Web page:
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Cancer Survival, Incidence, and Mortality in Seven High-Income Countries From 1995–2014


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As reported by Arnold and colleagues in The Lancet Oncology, the International Cancer Benchmarking Partnership Cancer Survival in High-Income Countries (SURVMARK-2) project has found general improvement in cancer survival between 1995 and 2014 in Australia, Canada, Denmark, Ireland, New Zealand, Norway, and the United Kingdom.

Study Details

The study included data on 3,764,543 cases of cancer of the esophagus, stomach, colon, rectum, pancreas, lung, and ovary diagnosed between 1995 and 2014 (with follow-up through 2015) from 19 jurisdictions in the seven countries.

Key Findings

For 1995-2014, 1-year and 5-year net survival increased in each country across almost all cancer types; eg, 5-year rectal cancer survival increased by an absolute > 13% in Denmark, Ireland, and the UK. Relative improvements were greater for cancers associated with poorer prognosis—ie,  esophagus, stomach, pancreas, and lung cancers. Improvements were greater among patients aged younger than 75 years old at diagnosis vs older patients.

For 2010–2014, the highest 1-year survival for most cancer sites was in Australia, followed by Canada and Norway. The lowest 1-year survival rates for stomach, colon, rectal, and lung cancer were in the UK, for esophageal cancer in Canada, for pancreatic cancer in New Zealand, and for ovarian cancer in Ireland. Similar patterns were observed for 5-year survival. Survival rates were higher in Australia vs other countries, except for lung cancer in Canada and ovarian cancer in Norway, and survival rates were lower in the UK, except for esophageal cancer in Denmark and ovarian cancer in Ireland.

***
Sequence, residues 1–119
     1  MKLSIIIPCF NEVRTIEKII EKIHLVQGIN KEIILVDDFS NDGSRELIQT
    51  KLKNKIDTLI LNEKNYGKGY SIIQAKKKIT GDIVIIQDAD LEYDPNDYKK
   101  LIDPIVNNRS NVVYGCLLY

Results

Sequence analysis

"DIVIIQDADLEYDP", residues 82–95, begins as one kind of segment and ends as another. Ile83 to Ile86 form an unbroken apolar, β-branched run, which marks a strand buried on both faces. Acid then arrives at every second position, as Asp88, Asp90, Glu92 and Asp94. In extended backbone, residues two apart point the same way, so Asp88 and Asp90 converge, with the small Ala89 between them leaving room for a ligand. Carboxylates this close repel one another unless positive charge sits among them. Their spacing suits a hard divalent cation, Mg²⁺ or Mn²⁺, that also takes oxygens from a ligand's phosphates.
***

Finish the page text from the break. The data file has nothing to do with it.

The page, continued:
“The joint evaluation of trends in incidence, mortality, and survival indicated progress in four of the seven studied cancers. Cancer survival continues to increase across high-income countries; however, international disparities persist. While truly valid comparisons require differences in registration practice, classification, and coding to be minimal, stage of disease at diagnosis, timely access to effective treatment, and the extent of comorbidity are likely the main determinants of patient outcomes.”
— Arnold et al

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Survival gaps between countries were reduced over time for 1-year survival for all cancers except pancreatic cancer. Gaps in 5-year survival were reduced for esophageal and rectal cancers.

Improvement in cancer control—as measured by increased survival and decreased mortality and incidence—was observed over the study period for stomach cancer, colon cancer, lung cancer in males, and ovarian cancer.

The investigators concluded, “The joint evaluation of trends in incidence, mortality, and survival indicated progress in four of the seven studied cancers. Cancer survival continues to increase across high-income countries; however, international disparities persist. While truly valid comparisons require differences in registration practice, classification, and coding to be minimal, stage of disease at diagnosis, timely access to effective treatment, and the extent of comorbidity are likely the main determinants of patient outcomes. Future studies are needed to assess the impact of these factors to further our understanding of international disparities in cancer survival.”

Melina Arnold, PhD, of the Cancer Surveillance Section, International Agency for Research on Cancer, Lyon, is the corresponding author for The Lancet Oncology article.

Disclosure: The study was funded by the Canadian Partnership Against Cancer, Cancer Institute New South Wales, Cancer Research UK, Danish Cancer Society, National Cancer Registry Ireland, The Cancer Society of New Zealand, Norwegian Cancer Society, and others. For full disclosures of the study authors, visit thelancet.com.

The content in this post has not been reviewed by the American Society of Clinical Oncology, Inc. (ASCO®) and does not necessarily reflect the ideas and opinions of ASCO®.
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